Langley – Due to a temporary problem with the lighting across Pensacola Dam, the Grand River Dam Authority is asking drivers to exercise extra caution while crossing the dam at nighttime.

On Thursday (July 10), GRDA crews discovered a fault in the high voltage cable used to power the dam’s light poles. Lightning, associated with the storms that blew through the area on Thursday, likely contributed to the fault and, as a result, a portion of the electric cable will need to be replaced. However, until that work is completed, the lights across the dam will be out of service.

Temporary digital signage was scheduled to be installed at both ends of the dam on Friday (July 11), to remind drivers to take precautions. GRDA is currently working to secure new cabling and schedule the necessary repairs.

 

# # #

GRDA’s Sullivan elected to full term on national public power board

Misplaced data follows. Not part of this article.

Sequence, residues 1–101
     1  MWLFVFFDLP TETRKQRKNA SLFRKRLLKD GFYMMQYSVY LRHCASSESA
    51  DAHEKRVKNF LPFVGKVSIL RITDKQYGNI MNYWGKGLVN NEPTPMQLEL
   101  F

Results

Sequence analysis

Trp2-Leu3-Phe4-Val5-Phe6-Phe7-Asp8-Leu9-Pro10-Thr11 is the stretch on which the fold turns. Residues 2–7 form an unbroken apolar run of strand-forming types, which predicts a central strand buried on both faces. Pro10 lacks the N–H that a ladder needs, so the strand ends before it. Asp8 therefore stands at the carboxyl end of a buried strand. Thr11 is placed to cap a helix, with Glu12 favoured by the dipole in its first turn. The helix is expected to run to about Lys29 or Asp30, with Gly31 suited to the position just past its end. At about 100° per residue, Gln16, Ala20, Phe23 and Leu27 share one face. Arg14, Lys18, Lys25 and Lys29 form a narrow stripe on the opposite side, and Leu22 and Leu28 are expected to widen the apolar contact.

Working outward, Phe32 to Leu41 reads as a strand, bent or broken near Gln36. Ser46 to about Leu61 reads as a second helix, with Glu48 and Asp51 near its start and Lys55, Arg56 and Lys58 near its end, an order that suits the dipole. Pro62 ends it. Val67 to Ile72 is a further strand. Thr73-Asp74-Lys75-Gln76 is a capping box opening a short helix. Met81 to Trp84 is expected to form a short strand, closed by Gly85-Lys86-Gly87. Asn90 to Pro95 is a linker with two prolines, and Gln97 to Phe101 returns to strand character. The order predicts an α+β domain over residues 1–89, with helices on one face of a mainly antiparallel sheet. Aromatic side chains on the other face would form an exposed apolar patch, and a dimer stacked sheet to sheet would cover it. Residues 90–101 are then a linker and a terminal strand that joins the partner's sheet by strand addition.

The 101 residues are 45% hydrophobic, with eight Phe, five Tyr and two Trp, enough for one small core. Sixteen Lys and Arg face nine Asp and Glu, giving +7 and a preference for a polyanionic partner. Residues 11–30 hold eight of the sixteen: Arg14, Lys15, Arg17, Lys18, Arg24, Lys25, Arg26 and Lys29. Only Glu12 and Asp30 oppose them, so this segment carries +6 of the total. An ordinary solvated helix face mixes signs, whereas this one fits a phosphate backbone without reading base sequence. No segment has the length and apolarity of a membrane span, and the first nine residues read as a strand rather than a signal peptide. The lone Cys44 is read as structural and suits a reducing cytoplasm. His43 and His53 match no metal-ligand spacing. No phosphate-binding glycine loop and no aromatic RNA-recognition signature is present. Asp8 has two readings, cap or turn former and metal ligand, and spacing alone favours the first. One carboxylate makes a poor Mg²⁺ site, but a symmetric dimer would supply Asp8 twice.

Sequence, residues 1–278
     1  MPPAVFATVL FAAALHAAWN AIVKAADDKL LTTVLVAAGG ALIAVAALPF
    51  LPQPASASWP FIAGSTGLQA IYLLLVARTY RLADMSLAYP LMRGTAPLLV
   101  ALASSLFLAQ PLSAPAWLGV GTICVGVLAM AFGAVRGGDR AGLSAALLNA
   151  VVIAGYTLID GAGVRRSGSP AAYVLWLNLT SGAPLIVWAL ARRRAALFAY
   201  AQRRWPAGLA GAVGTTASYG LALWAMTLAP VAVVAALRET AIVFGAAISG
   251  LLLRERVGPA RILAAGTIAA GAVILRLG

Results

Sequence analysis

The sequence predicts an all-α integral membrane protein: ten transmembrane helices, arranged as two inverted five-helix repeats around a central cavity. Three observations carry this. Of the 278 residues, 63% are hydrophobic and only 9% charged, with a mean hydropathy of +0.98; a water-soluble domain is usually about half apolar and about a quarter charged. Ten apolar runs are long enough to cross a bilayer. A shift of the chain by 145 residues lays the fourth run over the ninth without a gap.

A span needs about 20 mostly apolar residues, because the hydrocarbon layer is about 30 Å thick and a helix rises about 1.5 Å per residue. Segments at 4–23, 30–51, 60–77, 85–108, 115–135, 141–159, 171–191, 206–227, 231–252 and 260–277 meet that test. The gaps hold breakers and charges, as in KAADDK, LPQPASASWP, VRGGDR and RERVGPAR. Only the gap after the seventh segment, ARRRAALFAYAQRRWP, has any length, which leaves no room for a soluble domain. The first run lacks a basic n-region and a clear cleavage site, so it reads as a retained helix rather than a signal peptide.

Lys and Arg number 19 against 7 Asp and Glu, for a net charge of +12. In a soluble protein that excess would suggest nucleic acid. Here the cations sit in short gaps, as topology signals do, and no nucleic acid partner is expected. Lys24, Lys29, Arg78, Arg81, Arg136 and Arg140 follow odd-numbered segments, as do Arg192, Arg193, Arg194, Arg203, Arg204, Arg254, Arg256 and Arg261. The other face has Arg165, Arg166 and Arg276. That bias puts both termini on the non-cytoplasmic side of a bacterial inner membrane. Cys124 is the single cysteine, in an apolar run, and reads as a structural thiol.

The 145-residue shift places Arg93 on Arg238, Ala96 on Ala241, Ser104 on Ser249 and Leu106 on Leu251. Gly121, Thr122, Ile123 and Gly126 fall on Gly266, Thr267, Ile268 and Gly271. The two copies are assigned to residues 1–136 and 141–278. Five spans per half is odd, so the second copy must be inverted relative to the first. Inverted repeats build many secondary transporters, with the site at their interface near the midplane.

GRDA Chief Executive Officer/Director of Investments Dan Sullivan. On June 17, Sullivan was elected to a three-year term on the American Public Power Association (APPA) Board of Directors.

GRDA Chief Executive Officer/Director of Investments Dan Sullivan. On June 17, Sullivan was elected to a three-year term on the American Public Power Association (APPA) Board of Directors.

Denver – With his recent election to a full term on the American Public Power Association (APPA) Board of Directors, Grand River Dam Authority Chief Executive Officer/Director of Investments Dan Sullivan said he is looking forward to the opportunity to continue representing Oklahoma public power on the national level.